The tardigrade fauna of the African continent is reviewed and presented graphically
using Worldmap, a Geographical Information System (GIS) developed for exploring geographical
diversity patterns in large biological datasets. References to the African tardigrade fauna
have been gathered from published literature and supplemented with unpublished species
information from the collection of Prof. Reinhardt M. Kristensen (RMK), Zoological Museum,
University of Copenhagen. 156 species belonging to 36 genera of tardigrades are present.
They consist of 105 eutardigrade species and 51 heterotardigrade species, of which 42 species
are semiterrestrial and 9 species are marine. The presence of tardigrades are [sic] reported
from 20 countries, but of these 9 are represented by a single reference. Marine tardigrades
in particular have been neglected, with only a single report from the shores of the African
continent. Data from the RMK collection of samples from Egypt is included in the analysis.
The scattered and sparse knowledge of the African tardigrade distribution makes general
conclusions difficult, but emphasises the large regions which require further investigation.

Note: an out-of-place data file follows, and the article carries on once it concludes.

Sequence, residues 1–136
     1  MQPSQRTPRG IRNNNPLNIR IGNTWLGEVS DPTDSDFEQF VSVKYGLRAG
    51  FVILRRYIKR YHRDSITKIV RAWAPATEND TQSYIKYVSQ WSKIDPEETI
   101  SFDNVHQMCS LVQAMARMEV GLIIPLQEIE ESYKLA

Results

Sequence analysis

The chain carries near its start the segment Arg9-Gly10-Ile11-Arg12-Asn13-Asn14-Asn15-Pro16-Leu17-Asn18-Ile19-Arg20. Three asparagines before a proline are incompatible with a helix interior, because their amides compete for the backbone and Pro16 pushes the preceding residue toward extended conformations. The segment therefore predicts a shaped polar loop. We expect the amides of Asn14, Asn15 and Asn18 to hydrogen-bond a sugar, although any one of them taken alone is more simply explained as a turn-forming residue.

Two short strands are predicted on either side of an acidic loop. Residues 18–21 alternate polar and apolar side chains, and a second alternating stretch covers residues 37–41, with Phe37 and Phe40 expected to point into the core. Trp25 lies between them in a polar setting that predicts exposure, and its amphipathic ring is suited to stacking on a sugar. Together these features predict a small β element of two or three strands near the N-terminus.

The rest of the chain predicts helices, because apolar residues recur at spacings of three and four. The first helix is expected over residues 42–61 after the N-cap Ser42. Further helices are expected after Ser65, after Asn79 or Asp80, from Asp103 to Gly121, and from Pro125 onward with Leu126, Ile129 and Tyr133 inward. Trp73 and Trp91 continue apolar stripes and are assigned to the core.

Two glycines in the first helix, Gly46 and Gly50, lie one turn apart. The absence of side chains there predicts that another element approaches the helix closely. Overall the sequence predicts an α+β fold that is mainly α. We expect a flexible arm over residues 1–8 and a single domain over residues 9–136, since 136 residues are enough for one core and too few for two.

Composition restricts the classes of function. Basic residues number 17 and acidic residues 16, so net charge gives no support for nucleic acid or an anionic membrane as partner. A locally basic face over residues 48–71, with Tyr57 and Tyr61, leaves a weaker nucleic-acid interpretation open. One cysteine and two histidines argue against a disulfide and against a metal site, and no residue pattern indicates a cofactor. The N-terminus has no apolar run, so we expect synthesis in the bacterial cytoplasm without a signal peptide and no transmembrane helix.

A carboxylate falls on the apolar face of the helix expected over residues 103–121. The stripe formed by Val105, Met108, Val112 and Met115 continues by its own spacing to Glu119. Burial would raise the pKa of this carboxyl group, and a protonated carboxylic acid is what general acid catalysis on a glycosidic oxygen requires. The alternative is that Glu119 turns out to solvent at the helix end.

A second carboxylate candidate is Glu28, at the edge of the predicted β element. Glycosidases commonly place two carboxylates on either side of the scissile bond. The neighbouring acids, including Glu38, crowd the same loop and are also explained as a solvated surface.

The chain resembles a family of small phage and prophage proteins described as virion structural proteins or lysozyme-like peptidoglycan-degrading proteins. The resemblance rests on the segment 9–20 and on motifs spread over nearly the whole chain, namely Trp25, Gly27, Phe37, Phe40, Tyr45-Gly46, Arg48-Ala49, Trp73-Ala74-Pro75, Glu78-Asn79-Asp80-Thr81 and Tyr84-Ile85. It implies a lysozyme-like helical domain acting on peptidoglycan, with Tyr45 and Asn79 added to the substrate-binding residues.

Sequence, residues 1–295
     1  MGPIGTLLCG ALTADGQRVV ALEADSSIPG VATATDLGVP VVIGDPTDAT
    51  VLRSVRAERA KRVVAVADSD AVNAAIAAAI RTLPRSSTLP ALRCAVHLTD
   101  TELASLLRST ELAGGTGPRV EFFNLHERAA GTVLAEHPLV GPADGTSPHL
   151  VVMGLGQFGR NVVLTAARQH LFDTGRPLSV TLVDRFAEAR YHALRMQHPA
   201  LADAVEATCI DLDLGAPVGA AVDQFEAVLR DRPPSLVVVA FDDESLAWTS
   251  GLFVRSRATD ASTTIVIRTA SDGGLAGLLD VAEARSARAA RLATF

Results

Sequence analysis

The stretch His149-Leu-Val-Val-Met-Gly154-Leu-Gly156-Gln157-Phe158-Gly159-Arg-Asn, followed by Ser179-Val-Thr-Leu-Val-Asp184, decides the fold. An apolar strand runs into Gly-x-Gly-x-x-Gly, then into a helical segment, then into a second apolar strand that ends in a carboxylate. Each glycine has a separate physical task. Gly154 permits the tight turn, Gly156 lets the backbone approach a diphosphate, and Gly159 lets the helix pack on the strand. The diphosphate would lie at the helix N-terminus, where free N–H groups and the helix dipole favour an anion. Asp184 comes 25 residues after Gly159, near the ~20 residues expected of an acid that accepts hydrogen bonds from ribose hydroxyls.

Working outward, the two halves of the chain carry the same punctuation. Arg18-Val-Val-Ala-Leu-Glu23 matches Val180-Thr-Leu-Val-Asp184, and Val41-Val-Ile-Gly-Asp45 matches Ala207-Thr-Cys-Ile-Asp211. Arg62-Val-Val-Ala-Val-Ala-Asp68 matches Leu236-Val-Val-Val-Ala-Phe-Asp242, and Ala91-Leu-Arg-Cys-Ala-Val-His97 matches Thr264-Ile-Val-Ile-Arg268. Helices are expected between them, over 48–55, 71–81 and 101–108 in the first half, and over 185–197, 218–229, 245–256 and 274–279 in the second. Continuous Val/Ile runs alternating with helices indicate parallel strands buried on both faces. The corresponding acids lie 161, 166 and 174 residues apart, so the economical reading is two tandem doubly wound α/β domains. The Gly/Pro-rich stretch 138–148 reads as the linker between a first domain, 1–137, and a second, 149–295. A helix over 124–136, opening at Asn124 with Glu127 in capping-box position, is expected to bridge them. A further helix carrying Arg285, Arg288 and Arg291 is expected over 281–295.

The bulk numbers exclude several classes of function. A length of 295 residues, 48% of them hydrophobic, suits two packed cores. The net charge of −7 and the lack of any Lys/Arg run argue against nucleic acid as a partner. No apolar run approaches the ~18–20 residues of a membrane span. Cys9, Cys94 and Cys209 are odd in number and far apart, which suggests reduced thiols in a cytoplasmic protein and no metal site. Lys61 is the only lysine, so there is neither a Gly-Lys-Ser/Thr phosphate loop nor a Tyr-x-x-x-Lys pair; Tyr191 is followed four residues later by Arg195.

The current distribution patterns corresponds with easy accessible or "tourist" locations.
Regions where GIS could be used to illustrate ecological preferences are also pointed out
by the analysis. Isohypsibius malawiensis sp. n. is described from Lake Malawi.
It has a smooth body surface and lacks eyes. The heteronych claws are without lunulae, but
below the claws a double arched cuticular bar is present. The dorsal and ventral apophyses
of the buccal tube have a large drop- shaped swelling. The first macroplacoid is the largest
followed by the second, which is only slightly larger than the thirds microplacoid is absent.
Males are smaller than females. Females lay only one to two very large eggs in the exuvium.
The Malpighian tubules are clover-shaped. The new species is interstitial in coarse sediment
and no other tardigrade species were present.